They say that having a child colors your understanding of God and life. That bringing new life into the world changes how you see the world. Until three months ago I didn’t realize how incredibly true this was. I feel like the charcoal sketch that I was looking at has been transformed into the most vibrant of Monet’s. Possibly the most profound instances of this is in regards to how God has painted my understanding of prayer and His emotional nature.
I’ve always prided myself on being a man who was confidently in touch with his emotional side and when it comes to prayer I’ve always prided myself on being the guy who says “it doesn’t matter what you say — just speak and let the Holy Spirit translate it for you!” But if I can be honest, having Maisey has opened my eyes to just how theological I’ve been about all of it. It’s been a standard case of the “head but not heart syndrome”. I’ve known in my mind how God desires us to talk to him in prayer, I’ve known theologically how the Holy Spirit intercedes and translates for us when we talk to God but I haven’t felt God’s heart for us regarding prayer. It took the birth of my daughter for it to finally click.
Continue reading Parent’s Corner: What Three Months with My Daughter Has Taught Me About God
Who’s to blame?
A lot of people are listening to TED Talks these days. I think it is because they are supposed to be smart and scientific. They are mostly just secular and progressive. I was listening to one about how monogamy does not work anymore and how we should be “Monogam-ish”— that is, mostly monogamous. The first part of the talk was full of all kinds of pseudoscience, but the main idea was that marriage is a worse than fifty-fifty gamble and it definitely needs an adjustment if it will have the potential to make us happy. And the thing we need to adjust is probably the monogamy part.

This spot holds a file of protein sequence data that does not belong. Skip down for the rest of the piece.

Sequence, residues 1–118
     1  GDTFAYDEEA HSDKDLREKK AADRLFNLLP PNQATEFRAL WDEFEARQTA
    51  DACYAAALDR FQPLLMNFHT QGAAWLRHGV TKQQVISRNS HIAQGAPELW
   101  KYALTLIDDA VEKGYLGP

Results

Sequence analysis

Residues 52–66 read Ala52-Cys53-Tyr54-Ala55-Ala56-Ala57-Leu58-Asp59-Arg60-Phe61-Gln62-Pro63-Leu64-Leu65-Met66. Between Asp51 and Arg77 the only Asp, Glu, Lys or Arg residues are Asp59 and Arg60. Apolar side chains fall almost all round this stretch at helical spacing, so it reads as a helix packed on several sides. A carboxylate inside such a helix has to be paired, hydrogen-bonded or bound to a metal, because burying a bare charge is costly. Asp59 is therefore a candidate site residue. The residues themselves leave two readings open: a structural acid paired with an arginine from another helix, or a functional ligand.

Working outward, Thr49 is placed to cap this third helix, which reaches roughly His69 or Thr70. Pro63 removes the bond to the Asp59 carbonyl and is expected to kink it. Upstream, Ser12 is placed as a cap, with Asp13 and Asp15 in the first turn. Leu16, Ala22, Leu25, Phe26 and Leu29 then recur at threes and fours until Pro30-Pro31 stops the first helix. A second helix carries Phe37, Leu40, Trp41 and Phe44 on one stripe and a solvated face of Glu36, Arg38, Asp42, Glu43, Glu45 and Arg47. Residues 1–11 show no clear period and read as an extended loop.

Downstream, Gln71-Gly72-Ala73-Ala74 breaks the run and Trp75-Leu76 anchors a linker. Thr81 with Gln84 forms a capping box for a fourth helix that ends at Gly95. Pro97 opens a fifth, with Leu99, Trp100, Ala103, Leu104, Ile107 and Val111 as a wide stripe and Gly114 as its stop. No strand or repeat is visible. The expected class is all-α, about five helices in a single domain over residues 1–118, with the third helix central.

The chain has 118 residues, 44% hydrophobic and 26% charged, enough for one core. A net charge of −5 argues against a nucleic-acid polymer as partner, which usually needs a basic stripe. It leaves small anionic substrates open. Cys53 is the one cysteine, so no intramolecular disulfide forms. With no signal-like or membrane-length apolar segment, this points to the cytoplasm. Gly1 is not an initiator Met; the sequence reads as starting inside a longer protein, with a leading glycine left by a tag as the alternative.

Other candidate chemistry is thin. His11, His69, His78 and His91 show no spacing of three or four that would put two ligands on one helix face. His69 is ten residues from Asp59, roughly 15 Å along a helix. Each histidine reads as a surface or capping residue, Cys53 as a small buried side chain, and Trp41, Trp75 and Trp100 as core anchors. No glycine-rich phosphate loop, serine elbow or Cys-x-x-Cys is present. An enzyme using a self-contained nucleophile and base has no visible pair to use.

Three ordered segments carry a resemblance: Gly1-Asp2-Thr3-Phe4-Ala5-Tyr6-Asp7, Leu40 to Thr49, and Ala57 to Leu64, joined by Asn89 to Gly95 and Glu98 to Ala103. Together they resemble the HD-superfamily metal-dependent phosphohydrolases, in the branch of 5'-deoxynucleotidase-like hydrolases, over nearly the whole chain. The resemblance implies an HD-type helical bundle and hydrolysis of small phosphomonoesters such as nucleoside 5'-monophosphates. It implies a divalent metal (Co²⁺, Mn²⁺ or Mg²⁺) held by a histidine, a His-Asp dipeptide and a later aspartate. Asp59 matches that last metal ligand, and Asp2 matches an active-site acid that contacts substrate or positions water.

You may or may not think that’s particularly controversial. For my purpose here, this is just one example of a much broader phenomenon. It is part of the general unhappiness with the things that are supposed to make us happy, including human institutions that have lasted tens of thousands of years. The secular and progressive way of dealing with such a phenomenon is to blame the institution — the thing that was supposed to make us happy. If we are not happy in our marriages, then the problem is marriage.
Continue reading The Real Reason We Are Unhappy
I’m planning to post articles related to issues of faith and parenting each month. In order to keep some semblance of order in the upcoming stream of posts, I will cover a theme that will span multiple months. Each month, I’ll cover a different angle within the theme. First up: family worship. I am convinced that the way parents worship makes the largest determination on whether or not their children will adopt their faith as their own.
Continue reading April’s Parent’s Corner: Worship in the Family
The land of adolescence seems to become more murky with each successive generation that passes through it . If you are a parent or someone who volunteers their time working with teenagers you know this. You also know how tricky it can be to help them navigate through those years. On one hand there are the trials and tribulations that mark the transformations of those “in-between” years known as puberty. And as if that wasn’t enough the other hand is full of the added complexities of living in the 21st Century.
Continue reading Helpful Advice for Parents: Teens and Their “Risky” Brains